We watched, paying closer attention than usual not because we knew the girl, but only because she had been our neighbor. In another building, but a neighbor nonetheless. She had fallen on the driveway leading to the underground parking lot where we and the neighboring residents parked their cars. The next morning, there would be a large light-colored spot upon the cement, where the driveway had been hosed off and bleached.

The news anchor moved on to the next story and my aunt sighed and shook her head.

"Young and foolish. What must her parents be going through right now?"


One morning a few weeks ago, I was alone in Tom's apartment when the buzzer rang. I went to the little wall panel by the front door that showed, via a tiny fish-eye camera, who wanted in and recognized neither the gruff-looking, middle-aged Caucasian man nor the two slender, tired looking Hispanic women standing behind him. They were dressed like social workers, he in an ill fitting collared shirt and they in faded blouses and frumpy light jackets. One of the women held a clipboard. All three had lanyards with badges of some sort hanging from their necks.

The panel has more than a few buttons with enigmatic icons and I wasn't sure which was for sound. The man turned and said something to the women, who nodded somberly. I wanted to know about what, but I didn't want to press the wrong button and accidentally let them in. I didn't want to be responsible for letting in an interesting combination of people who might or might not rob the entire building blind.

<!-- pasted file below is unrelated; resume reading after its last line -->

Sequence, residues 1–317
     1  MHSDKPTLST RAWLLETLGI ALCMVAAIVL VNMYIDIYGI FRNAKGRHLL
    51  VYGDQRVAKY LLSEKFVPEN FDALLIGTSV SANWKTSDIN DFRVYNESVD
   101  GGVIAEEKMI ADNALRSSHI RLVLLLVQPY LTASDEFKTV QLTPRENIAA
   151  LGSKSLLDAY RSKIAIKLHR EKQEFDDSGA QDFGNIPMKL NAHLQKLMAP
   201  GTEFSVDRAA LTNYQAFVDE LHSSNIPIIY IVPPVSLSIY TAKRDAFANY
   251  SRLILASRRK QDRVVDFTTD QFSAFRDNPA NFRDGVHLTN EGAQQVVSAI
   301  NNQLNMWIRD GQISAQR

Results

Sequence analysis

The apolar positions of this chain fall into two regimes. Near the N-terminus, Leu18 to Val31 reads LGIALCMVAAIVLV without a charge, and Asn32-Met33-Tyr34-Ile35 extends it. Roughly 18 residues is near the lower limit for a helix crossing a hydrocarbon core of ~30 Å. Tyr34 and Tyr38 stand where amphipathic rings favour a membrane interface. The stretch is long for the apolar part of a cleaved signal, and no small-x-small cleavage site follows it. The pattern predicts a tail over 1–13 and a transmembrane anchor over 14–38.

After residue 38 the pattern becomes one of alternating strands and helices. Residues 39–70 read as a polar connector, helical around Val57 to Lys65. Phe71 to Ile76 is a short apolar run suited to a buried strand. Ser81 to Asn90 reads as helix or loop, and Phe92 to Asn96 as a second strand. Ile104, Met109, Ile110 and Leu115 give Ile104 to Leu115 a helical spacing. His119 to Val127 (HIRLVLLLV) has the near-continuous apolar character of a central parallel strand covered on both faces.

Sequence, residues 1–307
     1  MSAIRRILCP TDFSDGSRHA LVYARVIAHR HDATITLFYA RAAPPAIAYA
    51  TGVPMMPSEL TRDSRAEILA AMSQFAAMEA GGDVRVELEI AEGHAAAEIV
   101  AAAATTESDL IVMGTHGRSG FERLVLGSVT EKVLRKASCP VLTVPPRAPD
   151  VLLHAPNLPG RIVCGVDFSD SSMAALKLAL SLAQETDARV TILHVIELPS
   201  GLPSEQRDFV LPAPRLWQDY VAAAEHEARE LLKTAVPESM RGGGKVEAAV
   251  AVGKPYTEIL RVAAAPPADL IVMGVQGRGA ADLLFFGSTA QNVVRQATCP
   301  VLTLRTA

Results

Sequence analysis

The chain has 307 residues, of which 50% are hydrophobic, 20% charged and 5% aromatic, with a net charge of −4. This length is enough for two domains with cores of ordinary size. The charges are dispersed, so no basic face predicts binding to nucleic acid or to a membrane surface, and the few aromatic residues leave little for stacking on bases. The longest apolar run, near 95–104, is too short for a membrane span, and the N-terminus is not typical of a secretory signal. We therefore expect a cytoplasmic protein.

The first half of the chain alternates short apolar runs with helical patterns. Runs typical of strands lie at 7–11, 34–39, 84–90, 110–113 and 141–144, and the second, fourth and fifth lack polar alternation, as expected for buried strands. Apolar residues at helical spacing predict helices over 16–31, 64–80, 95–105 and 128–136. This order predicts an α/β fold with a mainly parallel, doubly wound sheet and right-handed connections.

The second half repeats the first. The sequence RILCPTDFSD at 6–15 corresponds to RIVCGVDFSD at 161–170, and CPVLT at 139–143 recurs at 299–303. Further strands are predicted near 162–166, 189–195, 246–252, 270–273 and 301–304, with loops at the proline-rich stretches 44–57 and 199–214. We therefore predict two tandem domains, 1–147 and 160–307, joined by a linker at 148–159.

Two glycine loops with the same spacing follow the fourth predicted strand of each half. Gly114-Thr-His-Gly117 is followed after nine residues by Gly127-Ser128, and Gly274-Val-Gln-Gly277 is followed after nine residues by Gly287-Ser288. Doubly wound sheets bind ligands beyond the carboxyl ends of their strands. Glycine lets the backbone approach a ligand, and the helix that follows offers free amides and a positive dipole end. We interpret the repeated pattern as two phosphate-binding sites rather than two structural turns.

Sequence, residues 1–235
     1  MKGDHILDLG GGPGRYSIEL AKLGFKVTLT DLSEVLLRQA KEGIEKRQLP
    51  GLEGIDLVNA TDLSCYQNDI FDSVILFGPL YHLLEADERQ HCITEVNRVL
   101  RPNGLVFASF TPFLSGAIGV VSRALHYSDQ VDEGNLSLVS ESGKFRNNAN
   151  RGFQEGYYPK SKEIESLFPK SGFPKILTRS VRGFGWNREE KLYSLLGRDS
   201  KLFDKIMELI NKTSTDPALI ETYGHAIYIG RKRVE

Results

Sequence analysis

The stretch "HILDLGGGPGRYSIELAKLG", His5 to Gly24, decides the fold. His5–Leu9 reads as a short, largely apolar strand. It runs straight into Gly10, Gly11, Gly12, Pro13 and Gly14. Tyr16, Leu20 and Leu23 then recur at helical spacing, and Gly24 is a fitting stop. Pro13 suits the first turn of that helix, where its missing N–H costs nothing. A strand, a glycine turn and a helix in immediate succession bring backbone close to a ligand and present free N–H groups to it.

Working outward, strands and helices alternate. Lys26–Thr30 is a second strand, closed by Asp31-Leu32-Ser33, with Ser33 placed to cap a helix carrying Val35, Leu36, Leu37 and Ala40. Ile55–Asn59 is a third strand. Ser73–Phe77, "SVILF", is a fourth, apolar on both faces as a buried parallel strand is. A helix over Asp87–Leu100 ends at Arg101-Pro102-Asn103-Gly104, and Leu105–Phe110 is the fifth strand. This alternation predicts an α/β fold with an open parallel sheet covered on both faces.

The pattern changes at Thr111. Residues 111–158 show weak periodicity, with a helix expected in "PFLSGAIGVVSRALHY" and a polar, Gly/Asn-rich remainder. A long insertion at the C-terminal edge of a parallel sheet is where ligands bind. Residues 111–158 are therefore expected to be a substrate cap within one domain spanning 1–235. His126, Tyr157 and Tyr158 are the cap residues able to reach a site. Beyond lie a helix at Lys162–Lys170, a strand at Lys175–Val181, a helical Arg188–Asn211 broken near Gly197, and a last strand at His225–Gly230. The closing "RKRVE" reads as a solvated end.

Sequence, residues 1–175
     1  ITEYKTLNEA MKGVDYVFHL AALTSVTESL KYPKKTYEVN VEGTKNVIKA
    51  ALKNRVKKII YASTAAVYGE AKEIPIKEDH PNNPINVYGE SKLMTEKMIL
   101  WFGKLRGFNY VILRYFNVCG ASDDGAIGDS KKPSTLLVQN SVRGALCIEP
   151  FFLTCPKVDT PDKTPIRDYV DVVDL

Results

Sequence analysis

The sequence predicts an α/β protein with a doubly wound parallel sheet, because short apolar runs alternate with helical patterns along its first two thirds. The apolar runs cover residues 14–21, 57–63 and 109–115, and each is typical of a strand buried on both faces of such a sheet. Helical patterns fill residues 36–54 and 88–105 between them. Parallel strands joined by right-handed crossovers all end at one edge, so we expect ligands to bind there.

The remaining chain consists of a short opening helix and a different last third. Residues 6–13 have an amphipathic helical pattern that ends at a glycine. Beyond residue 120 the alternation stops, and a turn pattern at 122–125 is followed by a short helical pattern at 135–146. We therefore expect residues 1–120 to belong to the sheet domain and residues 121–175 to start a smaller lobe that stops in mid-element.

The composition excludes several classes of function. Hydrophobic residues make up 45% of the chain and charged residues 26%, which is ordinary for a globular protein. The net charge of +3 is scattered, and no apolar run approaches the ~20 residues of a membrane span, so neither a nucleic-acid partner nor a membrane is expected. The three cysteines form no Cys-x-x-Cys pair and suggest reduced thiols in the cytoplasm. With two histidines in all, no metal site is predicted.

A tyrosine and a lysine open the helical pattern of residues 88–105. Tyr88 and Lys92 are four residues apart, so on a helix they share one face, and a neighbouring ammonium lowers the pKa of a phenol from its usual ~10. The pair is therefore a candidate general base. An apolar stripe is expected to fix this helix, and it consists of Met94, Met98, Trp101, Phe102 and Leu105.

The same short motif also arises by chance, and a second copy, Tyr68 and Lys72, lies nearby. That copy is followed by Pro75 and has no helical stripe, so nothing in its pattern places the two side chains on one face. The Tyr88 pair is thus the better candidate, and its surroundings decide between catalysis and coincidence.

I hoped they would go away if no one answered, and so went back to the small round white kitchen table, where my computer sat. My fingers had resettled upon the keyboard when the buzzer rang again.

Suspicion had already kicked in but, as likely to racially profile as the next person, I reasoned that a middle aged Caucasian man with two rather benign looking Hispanic women (or perhaps Latina) made an unlikely criminal trio. And plus there was the clipboard. My finger hovered over the button with the Key icon, deliberating. The man was relentless. He pressed the buzzer a third time.

The clipboard, I decided, was some sign of safety. I pressed the button just as the man looked directly into the camera, as though purposefully giving the lens a clear view of his face.

I wondered why he was so persistent on pressing the buzzer for this unit, then realized Tom's was the first apartment on the first floor, usually where the superintendent or building manager lived. There was another door once they got through the front gate, opened by the same button. I decided to meet them in the lobby, unsure if this was a wise move, but at least I could ask questions.

I grabbed the spare set of keys and my phone, and stepped into flats rather than flip-flops, in case I had to run. They were standing behind the second set of glass doors, preparing to press the buzzer again, when they saw me.

The man lifted up his laminated badge as I opened the door. None of them smiled or said hello.

"I'm the medical examiner," he said, taking the clipboard from one of the young women. He looked at me expectantly.

I blinked. I had no need to be medically examined.

"I'm here about the guy who jumped this morning..."